While in earlier times charity meant love, my discussion of the virtue today will center on the way we commonly use the term today. We think of charity as giving, frequently money, to those in need. Sometimes we think of large organizations such as the Salvation Army as a charity. But my thoughts today are around the tension I feel when confronted with people asking me for money.
It’s a rare day when I can drive without seeing someone, usually a man, standing next to the traffic lane with a piece of cardboard hand lettered with a message saying something like “homeless, hungry, willing to work.” Unfailingly I will arrive at a stop light and sit for a time next to the person with the sign. I doubt his sign; I doubt my charitable heart; I drive on wondering about the encounter.
Our church, in a poverty stricken downtown, attracts a number of the homeless. We feed them sandwiches each day; we hand out gloves, hats and socks; our friars give out bus passes, food gift cards and medical co-pays. In the dead of winter we are an emergency warm up shelter. Still individuals ask us directly for money. Our priest has asked us to send anyone on to him and not give out money. So we don’t, but it is challenging to look at someone obviously struggling and say no.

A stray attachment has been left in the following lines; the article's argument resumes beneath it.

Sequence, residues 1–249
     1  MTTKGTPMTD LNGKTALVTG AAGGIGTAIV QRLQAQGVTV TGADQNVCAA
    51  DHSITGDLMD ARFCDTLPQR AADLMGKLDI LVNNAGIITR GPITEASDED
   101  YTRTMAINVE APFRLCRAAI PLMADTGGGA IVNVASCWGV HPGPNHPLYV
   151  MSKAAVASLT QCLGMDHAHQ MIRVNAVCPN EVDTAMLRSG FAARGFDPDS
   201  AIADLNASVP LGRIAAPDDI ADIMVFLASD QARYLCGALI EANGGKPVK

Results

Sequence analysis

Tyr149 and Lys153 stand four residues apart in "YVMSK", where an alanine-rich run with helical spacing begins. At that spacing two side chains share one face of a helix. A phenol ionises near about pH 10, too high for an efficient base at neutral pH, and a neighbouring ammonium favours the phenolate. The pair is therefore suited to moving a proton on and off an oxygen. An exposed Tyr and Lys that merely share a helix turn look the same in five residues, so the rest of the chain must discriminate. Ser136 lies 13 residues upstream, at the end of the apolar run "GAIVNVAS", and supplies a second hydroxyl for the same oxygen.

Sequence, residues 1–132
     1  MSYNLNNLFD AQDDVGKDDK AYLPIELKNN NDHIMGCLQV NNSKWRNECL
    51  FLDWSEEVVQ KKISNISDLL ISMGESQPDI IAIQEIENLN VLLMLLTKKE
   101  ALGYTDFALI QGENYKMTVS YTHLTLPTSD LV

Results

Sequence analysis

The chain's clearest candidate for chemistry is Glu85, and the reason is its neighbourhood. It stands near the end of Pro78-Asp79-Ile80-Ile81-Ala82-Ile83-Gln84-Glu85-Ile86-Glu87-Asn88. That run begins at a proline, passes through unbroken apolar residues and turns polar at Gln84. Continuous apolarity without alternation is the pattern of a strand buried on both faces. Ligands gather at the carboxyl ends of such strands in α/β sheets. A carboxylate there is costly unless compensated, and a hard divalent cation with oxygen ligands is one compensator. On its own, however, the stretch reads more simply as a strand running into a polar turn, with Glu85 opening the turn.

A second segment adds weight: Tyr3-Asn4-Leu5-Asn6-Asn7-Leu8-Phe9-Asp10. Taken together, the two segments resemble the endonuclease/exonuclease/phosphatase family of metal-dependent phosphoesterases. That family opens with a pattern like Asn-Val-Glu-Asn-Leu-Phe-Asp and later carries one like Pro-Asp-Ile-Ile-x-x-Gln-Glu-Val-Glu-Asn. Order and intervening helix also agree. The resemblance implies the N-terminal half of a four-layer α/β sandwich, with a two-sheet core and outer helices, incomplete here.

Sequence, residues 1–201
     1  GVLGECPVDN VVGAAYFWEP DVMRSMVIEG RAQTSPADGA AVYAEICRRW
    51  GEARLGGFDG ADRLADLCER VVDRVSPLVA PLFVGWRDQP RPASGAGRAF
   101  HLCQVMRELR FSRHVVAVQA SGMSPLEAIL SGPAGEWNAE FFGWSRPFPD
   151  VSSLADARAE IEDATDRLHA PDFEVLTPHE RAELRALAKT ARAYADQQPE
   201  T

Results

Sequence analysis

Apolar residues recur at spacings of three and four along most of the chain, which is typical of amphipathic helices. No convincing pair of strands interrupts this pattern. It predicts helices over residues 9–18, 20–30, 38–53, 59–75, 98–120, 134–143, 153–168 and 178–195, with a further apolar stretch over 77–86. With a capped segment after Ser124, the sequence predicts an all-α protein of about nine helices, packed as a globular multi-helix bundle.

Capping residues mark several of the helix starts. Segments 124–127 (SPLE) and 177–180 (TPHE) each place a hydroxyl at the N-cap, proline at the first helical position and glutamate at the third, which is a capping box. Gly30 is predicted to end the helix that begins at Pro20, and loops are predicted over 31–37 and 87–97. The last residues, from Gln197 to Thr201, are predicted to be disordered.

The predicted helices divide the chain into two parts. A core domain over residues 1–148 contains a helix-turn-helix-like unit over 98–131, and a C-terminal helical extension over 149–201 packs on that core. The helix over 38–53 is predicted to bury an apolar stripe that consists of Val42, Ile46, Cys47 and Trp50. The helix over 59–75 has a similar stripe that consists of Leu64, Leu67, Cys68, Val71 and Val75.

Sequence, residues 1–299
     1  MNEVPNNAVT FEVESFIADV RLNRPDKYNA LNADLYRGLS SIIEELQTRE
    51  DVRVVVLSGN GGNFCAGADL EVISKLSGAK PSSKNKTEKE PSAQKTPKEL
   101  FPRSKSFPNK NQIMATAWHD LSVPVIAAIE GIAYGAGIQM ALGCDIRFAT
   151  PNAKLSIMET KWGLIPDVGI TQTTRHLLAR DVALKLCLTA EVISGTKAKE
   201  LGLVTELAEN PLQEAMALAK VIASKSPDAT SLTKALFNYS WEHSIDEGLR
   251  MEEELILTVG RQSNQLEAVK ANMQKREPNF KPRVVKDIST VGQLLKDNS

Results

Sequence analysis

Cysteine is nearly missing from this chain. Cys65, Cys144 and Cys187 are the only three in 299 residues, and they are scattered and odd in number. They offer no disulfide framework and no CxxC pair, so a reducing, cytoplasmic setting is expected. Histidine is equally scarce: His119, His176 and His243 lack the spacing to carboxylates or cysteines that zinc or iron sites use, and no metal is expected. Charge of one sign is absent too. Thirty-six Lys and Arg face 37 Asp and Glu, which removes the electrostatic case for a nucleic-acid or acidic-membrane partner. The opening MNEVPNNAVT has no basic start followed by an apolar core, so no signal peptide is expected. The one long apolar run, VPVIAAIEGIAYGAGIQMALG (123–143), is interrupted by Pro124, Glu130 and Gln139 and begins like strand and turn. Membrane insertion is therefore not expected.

So yes I know that many of these people are addicts. Yes I know that many of them would just use the money for drugs or alcohol. So yes I know that would be enabling. So my charity would be enabling I guess. So I put extra money in our poor box, trusting our friars to know what to do and who to help and how to best help each poor soul. That was my act of charity today.